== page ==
The choice of Denmark and AU as a study abroad destination for many of the students was a realistic compromise between their ambitions and their view of the competition from peers competing for the same stipends. That AU appeared in the top 100 in several university ranking tables was important for their choice.

"Moreover, it is people here in general – when I see people on the street, they are also quite leisurely, not hurried or impatient. So, I feel my entire person has calmed down." - Lin Yuhua, 23-year-old student from Peking University.

While abroad, other concerns took central place. My study found that Denmark, and Scandinavia more broadly, was associated with a particular set of imagined qualities of the social, cultural and natural environment. 

This set it apart from both China and the United States, the top destination for studies abroad: “Denmark was associated with welfare and social equality, a healthy and green environment, and a happy, affluent population … Compared to China, the tempo of life in Scandinavia was expected to be slower, it was thought there would be less societal pressure and that competition would be less intense, and Scandinavian people were expected to be more carefully fostering enjoyable lives.” [7] 

Reflecting on their life while abroad, several of the students used the phrase: ”Denmark is fit for living”. This was often expressed as a counterpoint to the urgency of life within the aspiring urban Chinese middle-class. For example, Xu Pengfei, a master student from China University of Political Science and Law put it this way: 

“I think I used to live too hurriedly. It was as if your entire life revolved around different, constantly changing issues. I am now more willing to think of each thing as an integral constituent of life – I will arrange each part, and together they will make up my entire life. I will perhaps have work, studies, friends, leisure activities, and time to myself. These things all have their own rhythm, and put together they make up a life. Life should not be thought of only as “having to finish this or that thing”; it should not be lived in a day-to-day fashion like that” [8].

A Carlsberg Foundation Fellowship in an Academic Trajectory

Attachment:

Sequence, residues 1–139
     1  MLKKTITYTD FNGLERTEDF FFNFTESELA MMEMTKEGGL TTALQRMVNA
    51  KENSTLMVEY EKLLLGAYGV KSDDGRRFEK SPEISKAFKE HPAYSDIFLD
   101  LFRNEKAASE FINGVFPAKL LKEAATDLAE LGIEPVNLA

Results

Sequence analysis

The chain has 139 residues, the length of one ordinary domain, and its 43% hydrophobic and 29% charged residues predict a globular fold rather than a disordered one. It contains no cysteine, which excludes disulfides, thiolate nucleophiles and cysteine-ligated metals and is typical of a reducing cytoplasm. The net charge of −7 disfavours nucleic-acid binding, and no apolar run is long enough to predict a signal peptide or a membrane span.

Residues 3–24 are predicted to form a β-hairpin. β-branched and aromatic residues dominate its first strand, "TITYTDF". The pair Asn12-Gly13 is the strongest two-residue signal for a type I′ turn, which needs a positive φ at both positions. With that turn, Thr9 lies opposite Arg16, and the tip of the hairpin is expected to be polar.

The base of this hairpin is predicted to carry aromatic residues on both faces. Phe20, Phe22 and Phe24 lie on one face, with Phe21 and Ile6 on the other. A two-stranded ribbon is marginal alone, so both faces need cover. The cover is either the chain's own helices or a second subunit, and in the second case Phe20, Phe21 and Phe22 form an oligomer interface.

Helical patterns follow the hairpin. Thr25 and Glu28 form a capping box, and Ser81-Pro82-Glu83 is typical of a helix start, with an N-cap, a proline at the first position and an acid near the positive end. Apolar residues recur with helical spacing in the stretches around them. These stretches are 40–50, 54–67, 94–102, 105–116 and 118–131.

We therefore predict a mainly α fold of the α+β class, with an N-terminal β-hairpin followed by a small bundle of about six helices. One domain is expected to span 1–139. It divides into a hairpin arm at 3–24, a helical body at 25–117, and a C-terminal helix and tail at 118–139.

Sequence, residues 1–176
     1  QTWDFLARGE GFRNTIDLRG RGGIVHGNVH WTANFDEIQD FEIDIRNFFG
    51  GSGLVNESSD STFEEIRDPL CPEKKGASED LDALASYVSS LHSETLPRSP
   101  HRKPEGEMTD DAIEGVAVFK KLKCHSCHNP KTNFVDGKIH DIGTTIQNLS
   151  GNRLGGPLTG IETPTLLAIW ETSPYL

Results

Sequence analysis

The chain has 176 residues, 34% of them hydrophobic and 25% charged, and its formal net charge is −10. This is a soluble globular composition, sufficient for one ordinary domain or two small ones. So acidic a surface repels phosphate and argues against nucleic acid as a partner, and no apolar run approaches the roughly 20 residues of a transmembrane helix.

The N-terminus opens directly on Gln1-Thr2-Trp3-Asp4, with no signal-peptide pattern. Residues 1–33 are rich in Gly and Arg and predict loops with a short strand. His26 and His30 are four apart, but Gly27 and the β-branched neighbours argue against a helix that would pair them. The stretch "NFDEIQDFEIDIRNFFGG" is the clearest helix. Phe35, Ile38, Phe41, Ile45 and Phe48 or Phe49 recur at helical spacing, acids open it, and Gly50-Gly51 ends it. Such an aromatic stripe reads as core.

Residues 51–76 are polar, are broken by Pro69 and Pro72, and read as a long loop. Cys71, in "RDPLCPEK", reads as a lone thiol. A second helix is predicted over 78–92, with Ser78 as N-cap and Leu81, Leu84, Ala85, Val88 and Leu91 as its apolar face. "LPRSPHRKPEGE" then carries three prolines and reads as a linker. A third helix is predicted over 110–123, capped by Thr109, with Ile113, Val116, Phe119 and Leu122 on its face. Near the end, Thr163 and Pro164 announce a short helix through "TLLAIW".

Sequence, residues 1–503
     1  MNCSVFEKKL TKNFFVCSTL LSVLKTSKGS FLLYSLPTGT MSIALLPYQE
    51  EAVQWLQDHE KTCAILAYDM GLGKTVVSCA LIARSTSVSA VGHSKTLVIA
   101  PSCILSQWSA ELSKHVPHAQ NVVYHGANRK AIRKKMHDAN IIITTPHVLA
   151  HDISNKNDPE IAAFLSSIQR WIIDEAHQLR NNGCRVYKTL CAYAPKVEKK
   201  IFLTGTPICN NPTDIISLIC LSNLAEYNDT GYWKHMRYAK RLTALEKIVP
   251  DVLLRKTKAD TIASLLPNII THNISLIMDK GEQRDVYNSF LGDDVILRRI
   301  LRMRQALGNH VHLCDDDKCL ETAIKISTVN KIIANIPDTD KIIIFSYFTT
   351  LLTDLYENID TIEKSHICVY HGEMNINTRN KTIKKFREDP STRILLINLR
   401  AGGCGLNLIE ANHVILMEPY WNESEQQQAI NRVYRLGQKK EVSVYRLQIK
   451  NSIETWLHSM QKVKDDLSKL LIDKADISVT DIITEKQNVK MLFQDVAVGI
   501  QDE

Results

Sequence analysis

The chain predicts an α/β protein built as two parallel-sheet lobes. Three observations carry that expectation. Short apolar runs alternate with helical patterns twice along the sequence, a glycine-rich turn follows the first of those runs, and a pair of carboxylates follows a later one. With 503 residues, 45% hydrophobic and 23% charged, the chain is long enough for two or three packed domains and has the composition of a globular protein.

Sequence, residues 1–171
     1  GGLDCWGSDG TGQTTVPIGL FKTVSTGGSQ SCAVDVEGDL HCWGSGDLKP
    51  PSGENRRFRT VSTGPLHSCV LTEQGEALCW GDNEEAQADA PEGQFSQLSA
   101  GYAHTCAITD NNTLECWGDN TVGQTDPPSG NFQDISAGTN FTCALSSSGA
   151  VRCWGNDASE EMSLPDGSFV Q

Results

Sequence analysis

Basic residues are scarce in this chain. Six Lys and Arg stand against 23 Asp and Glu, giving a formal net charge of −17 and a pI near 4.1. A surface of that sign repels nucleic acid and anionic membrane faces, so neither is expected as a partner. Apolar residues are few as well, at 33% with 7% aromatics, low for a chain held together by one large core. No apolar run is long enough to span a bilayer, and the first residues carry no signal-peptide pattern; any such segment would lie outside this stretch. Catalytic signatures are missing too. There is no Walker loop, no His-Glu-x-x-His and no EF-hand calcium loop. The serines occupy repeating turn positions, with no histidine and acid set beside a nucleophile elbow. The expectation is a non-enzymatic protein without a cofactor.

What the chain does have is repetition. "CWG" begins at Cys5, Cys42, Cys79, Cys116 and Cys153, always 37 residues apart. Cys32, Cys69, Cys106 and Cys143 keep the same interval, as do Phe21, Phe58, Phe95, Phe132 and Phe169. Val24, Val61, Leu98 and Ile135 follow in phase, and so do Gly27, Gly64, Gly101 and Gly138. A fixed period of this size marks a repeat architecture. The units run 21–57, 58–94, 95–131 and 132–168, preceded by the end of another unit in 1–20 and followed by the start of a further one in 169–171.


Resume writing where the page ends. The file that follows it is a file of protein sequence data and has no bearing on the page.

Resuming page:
The project was undertaken in a close collaboration with AU Professor of China Studies, Stig Thøgersen, who concurrently worked on transnational educational interchange in the field of preschool teachers. 

In March 2014 we hosted an international conference at AU with fifty participants. In autumn 2015 we published two special issues of Journal of Current Chinese Affairs [9] and Learning and Teaching [10] with contributions from the research network established at this conference. And my research featured in the national newspaper Weekendavisen [11] and in regional TV and newspapers. 

Following up on the project, I produced in autumn 2015 a UNESCO-collection (hosted at Moesgård Museum in Aarhus) of ethnographic objects and teaching material intended for teaching the subject of Chinese conceptions of education and morality in Danish primary and secondary schools [12]. 

In 2016 I returned to the project material and wrote an article on Chinese educational ethics for the anthropological journal Jordens Folk [13]. I most recently presented the project results at Central Minzu University in Beijing on 20 June 2017, sustaining the intercultural exchange on what Chinese education migration means for China’s future.

"My Carlsberg Foundation Postdoctoral Fellowship has been essential for a future career in academia." - Anders Sybrandt Hansen

It made it possible to engage for two years in the scientific activities that are expected of a candidate for a tenured position, and it has given me priceless field work experience with my Chinese interlocutors allowing me to learn from them what the future looks like seen through their eyes. 

February 1st 2018 I took up a position as associate professor of anthropology and China-studies at AU, and I am working in a three-person research group on an exciting new China project, ”The Moral Economies of Food in Contemporary China” that investigates the relations between food, market, ethics and trust [14].

[1] UNESCO Institute for Statistics (2017) ”Global Flow of Tertiary-Level Students”, retrieved 15 Dec. 2017:

[2] UNESCO Institute for Statistics (2017)

[3] 湖润百富 [Hurun Report] (2017) ”2017中国投资移民白皮书” [2017 Chinese Investment and Immigration White Book], p. 12, retrieved 20 Dec. 2017  

[4] Liu, Xin (2000), In One’s Own Shadow: An Ethnographic Account of the Condition of Post-Reform Rural China, Berkeley: University of California Press.

[5] See for example Xiang, Biao, and Wei Shen (2009) “International Student Migration and Social Stratification in China”, International Journal of Educational Development 29(5): 513–522.

[6] Fong, Vanessa (2011), Paradise Redefined: Transnational Chinese Students and the Quest for Flexible Citizenship in the Developed World, Stanford: Stanford University Press, Thøgersen, Stig (2012) “Chinese Students’ Great Expectations”, Learning and Teaching 5(3): 75-93.

[7] Hansen, Anders S. (2015a) ”The Temporal Experience of Chinese Students Abroad and the Present Human Condition”, Journal of Current Chinese Affairs 44(3): 49-77, p. 63.

[8] Hansen, Anders S. (2015a), p. 70.

[9] Hansen, Anders S and Stig Thøgersen (2015a) “The Anthropology of Chinese Transnational Educational Migration”, Journal of Current Chinese Affairs 44(3): 1–14.

[10] Hansen, Anders S. and Stig Thøgersen (2015b) “Chinese Transnational Students and the Global Education Hierarchy”, Learning and Teaching 8(3): 1–12.

[11] Hansen, Anders S. (2015b) “Danmark egner sig til livet: Kinesiske studerende i Danmark” [Denmark is fit for living – Chinese students in Denmark], Weekendavisen (Idéer p.7) 23 Jan 2015.

[12] Hansen, Anders S. (2016a)”Kina – dannelse og uddannelse” [China – Civility and Education], UNESCO Samlingerne

[13] Hansen, Anders S. (2016b) “Bitterhedens etik: En kritik af ægteskabet mellem foretagsomhed og konservatisme med etnografi fra Kina” [The Ethics of Bitterness)], Jordens Folk 51(3-4): 54–61.